What is a Hurricane
A hurricane is a tropical cyclone with sustained winds of at least 74 miles per hour (119 kilometers per hour) that occurs in the Atlantic Ocean, Caribbean Sea, Gulf of Mexico, or eastern Pacific Ocean. Hurricanes are powerful storms that can cause significant damage to coastal areas through strong winds, heavy rain, storm surges, and flooding.
They form over warm ocean waters when there is enough moisture and unstable atmospheric conditions, and can last for several days as they move across the ocean or make landfall.
When is Hurricane Season
June 1, 2023 – November 30, 2023
The official hurricane season in the Atlantic basin (which includes the Atlantic Ocean, Caribbean Sea, and Gulf of Mexico) runs from June 1st to November 30th. This is when the conditions in the region are most favorable for the formation and intensification of tropical storms and hurricanes. However, it’s important to note that hurricanes can and do occur outside of this time frame, although it’s less common. For example, the first named storm of the 2022 Atlantic hurricane season, Tropical Storm Ana, formed on May 22nd, a few days before the official start of the season.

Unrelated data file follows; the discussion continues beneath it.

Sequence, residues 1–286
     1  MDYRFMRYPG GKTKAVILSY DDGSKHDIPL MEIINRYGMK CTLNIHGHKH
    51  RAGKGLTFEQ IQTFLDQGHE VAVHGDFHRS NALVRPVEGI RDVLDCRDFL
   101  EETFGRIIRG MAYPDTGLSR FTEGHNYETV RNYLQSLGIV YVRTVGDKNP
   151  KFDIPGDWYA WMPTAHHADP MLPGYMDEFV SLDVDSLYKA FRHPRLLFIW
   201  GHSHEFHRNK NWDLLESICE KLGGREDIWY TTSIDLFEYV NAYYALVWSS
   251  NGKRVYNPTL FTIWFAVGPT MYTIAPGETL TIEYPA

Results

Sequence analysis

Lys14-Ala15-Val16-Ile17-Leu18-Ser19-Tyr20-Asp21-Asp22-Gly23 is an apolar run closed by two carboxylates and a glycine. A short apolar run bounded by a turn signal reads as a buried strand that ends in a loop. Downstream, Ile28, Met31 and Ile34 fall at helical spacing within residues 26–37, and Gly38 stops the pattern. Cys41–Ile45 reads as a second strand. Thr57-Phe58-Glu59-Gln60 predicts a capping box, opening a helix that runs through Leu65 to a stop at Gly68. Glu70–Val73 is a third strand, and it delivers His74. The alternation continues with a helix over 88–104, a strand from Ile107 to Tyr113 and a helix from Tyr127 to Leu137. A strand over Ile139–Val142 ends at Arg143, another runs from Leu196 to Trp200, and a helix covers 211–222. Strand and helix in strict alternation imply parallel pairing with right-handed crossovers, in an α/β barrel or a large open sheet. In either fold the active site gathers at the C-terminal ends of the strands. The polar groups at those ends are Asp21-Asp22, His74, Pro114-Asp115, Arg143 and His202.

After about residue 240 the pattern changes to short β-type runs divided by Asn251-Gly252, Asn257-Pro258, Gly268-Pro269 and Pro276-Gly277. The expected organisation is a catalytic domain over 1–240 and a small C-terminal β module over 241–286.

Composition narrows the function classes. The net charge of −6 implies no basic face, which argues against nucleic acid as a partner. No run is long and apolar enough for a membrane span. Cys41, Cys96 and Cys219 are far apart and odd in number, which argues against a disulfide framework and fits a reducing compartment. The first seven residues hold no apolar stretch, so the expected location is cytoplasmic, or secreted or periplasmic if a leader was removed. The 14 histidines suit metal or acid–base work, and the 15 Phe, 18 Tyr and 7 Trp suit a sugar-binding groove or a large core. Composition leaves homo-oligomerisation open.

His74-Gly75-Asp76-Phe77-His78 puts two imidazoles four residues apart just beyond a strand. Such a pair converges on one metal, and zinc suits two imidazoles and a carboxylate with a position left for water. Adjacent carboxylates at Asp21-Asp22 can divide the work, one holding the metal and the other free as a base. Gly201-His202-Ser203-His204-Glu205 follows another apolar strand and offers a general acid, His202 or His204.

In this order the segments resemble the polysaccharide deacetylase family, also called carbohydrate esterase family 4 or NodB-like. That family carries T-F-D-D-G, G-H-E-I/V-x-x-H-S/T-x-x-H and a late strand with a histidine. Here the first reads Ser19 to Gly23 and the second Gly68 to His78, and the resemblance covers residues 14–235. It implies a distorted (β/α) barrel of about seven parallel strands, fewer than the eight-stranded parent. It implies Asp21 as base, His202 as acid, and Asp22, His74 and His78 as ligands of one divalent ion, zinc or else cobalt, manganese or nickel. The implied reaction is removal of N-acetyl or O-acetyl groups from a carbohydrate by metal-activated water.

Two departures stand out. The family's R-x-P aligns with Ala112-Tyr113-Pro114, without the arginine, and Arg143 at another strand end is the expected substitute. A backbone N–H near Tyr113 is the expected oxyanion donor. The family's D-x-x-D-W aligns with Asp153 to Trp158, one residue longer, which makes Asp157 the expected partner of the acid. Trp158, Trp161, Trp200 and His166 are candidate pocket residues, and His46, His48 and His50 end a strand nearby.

How do Hurricanes Form
Hurricanes, also known as tropical cyclones, form over warm ocean waters in the tropics when several atmospheric conditions come together:
- Warm Ocean Waters: Hurricanes require warm water temperatures of at least 80°F (27°C) to form and strengthen. Warm ocean waters provide the energy that drives the storm’s convection and evaporation process.